The English Literary Renaissance consists of four subsets: The Elizabethan Age, the Jacobean Age, the Caroline Age, and the Commonwealth Period (which is also known as the Puritan Interregnum).
The Elizabethan Age of English Literature coincides with the reign of Elizabeth I, 1558 - 1603. During this time, medieval tradition was blended with Renaissance optimism. Lyric poetry, prose, and drama were the major styles of literature that flowered during the Elizabethan Age. The Jacobean Age of English Literature coincides with the reign of James I, 1603 - 1625. During this time the literature became sophisticated, sombre, and conscious of social abuse and rivalry. The Jacobean Age produced rich prose and drama as well as the King James translation of the Bible. Shakespeare and Jonson wrote during the Jacobean Age, as well as John Donne, Francis Bacon, and Thomas Middleton.
Works : epic “Faerie Queene” (Edmund Spenser), drama (William Shakespeare, Christopher Marlowe), “Court Masque”, prose romance “Euphues” (John Lyly), “Arcadia” (Philip Sidney).
The Caroline Age of English Literature coincides with the reign of Charles I, 1625 - 1649. The writers of this age wrote with refinement and elegance. This era produced a circle of poets known as the "Cavalier Poets" and the dramatists of this age were the last to write in the Elizabethan tradition. The Commonwealth Period, also known as the Puritan Interregnum, of English Literature includes the literature produced during the time of Puritan leader Oliver Cromwell. This period produced the political writings of John Milton, Thomas Hobbes' political treatise Leviathan, and the prose of Andrew Marvell. In September of 1642, the Puritans closed theatres on moral and religious grounds. For the next eighteen years the theatres remained closed, accounting for the lack of drama produced during this time period.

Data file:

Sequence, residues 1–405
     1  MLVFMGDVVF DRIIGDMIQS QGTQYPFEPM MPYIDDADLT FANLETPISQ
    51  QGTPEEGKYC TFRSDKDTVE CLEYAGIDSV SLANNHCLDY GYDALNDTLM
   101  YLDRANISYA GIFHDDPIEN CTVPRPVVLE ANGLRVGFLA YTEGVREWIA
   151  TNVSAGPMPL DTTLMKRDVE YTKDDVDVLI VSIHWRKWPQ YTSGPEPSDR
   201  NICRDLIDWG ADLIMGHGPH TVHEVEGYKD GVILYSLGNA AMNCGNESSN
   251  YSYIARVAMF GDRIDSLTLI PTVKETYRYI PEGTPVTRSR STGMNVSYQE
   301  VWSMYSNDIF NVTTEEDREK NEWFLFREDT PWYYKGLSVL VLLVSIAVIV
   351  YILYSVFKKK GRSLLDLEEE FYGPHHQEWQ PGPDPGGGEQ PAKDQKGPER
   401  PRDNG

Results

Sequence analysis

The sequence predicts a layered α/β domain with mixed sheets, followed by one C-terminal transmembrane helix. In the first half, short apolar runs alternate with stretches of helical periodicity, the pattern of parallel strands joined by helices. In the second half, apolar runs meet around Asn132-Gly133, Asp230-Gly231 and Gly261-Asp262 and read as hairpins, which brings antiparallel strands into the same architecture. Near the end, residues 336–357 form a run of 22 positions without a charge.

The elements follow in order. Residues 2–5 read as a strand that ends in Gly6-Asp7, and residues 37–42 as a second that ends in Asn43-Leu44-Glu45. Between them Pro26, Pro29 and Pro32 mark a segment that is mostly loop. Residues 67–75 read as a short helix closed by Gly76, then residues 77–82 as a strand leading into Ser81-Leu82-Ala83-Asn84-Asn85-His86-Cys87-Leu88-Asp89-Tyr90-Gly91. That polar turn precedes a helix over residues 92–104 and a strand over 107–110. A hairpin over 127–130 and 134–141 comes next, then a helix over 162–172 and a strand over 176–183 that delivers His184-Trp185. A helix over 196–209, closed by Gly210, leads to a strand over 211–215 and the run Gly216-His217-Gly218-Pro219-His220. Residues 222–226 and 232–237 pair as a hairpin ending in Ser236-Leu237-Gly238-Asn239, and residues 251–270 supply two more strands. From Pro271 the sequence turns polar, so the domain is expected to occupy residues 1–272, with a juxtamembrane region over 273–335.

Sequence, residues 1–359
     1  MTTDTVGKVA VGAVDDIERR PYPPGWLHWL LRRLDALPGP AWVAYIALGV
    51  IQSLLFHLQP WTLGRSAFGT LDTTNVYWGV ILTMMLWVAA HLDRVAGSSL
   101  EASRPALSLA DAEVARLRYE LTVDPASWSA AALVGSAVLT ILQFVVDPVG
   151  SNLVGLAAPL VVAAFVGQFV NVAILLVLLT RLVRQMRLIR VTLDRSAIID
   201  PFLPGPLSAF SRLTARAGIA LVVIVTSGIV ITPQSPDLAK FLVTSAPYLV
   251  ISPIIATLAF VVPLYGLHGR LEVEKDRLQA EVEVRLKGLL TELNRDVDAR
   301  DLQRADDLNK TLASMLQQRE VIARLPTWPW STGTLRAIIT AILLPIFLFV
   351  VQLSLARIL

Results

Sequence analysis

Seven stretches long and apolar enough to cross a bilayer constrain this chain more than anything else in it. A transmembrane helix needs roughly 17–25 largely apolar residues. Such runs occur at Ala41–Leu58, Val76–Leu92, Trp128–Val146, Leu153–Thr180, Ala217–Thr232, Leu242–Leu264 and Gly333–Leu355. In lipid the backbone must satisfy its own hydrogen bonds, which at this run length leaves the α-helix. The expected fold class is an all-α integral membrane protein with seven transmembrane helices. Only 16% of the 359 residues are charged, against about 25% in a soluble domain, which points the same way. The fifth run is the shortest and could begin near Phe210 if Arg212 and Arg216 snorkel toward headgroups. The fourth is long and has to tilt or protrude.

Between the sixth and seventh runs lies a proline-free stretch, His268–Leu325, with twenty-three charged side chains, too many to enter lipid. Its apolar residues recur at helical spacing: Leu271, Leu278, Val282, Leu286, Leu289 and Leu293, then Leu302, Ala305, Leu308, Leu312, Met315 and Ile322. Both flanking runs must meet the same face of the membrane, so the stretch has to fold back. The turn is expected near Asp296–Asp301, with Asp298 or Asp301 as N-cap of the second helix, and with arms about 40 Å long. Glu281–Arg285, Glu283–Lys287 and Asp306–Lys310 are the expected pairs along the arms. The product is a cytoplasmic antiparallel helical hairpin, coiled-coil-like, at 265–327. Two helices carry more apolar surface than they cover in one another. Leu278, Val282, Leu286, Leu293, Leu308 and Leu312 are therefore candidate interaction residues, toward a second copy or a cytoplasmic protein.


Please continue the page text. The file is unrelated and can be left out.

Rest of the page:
The Neoclassical Period of English literature (1660 - 1785) was much influenced by contemporary French literature, which was in the midst of its greatest age. The literature of this time is known for its use of philosophy, reason, skepticism, wit, and refinement. The Neoclassical Period also marks the first great age of English literary criticism. Much like the English Literary Renaissance, the Neoclassical Period can be divided into three subsets: the Restoration, the Augustan Age, and the Age of Sensibility. The Restoration, 1660 - 1700, is marked by the restoration of the monarchy and the triumph of reason and tolerance over religious and political passion. The Restoration produced an abundance of prose and poetry and the distinctive comedy of manners known as Restoration comedy. It was during the Restoration that John Milton published Paradise Lost and Paradise Regained. Other major writers of the era include John Dryden, John Wilmot 2nd Earl of Rochester, and John Locke.